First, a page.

Enid Public Schools and The Commons retirement community celebrated the 10th anniversary of the district’s intergenerational pre-kindergarten class Friday.
The unique partnership between EPS and The Commons puts some of Enid’s youngest students together with the retirement community’s residents, both inside and outside of the on-site pre-K classroom.
Administrators and staff with both organizations gathered Friday at The Commons’ chapel, along with residents and community members, to honor the occasion and to see some special performances from the program’s students.
“The EPS and Commons pre-K program is a jewel of our district, our community and our state,” EPS Superintendent Darrell Floyd said of the internationally recognized program. “It is a win-win situation for our students and for The Commons residents. The special relationship and special bond that the young ones have with the older ones is a benefit to everyone involved.”
To commemorate the decade-long relationship, a new sign was unveiled outside The Commons, bearing the logos of both partners above the words “Intergenerational Pre-Kindergarten Program.”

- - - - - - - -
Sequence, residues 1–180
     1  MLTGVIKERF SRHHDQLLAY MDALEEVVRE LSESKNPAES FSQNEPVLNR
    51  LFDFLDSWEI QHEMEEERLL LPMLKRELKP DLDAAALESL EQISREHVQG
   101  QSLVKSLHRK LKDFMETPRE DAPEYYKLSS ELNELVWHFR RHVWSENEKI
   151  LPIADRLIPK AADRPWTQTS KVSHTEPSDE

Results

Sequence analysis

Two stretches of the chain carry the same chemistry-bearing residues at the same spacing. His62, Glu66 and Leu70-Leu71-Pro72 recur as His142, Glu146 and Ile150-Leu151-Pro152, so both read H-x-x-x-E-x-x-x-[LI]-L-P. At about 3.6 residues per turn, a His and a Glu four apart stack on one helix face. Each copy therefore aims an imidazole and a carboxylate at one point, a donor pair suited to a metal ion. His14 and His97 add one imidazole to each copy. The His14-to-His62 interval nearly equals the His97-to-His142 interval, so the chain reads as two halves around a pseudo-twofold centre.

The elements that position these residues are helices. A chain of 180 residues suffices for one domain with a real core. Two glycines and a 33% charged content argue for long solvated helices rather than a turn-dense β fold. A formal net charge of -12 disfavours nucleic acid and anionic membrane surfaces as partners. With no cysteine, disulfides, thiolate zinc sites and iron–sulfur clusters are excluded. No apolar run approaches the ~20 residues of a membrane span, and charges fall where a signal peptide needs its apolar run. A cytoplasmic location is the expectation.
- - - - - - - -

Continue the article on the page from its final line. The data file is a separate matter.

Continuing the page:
Diana Stout, 72, has lived at The Commons for more than three years, she said, and appreciates having the kids around. Their energy “enriches” the retirement community, livens and brightens her days, she said.
She spends time with the kids most days. It’s something she looks forward to, and something she misses in the summer when school is out, she said.
“We sure do appreciate them,” she said.
Hayley Goodman has been teaching at The Commons pre-K for two years, and worked at Carver Early Childhood Center for two years prior.
“Everything we do in our class is the same you would have in another Enid pre-K classroom,” she said.
Though the curriculum is the same, the unique environment has unique benefits for the age group.
“We’re teaching them kindness, we’re teaching them empathy and all these different kinds of character education … and (intergenerational pre-K) gives them a chance to practice that more,” she said, the kids have an easier time developing those character skills with their “grandmas” and “grandpas.”
The way pre-K children interact with others their age often is very different, she said. They share a lot with the residents.
“It’s nice to have that many more people they can tell something to,” she said.
Story provided by Enid News & Eagle
Written by: Mitchell Willetts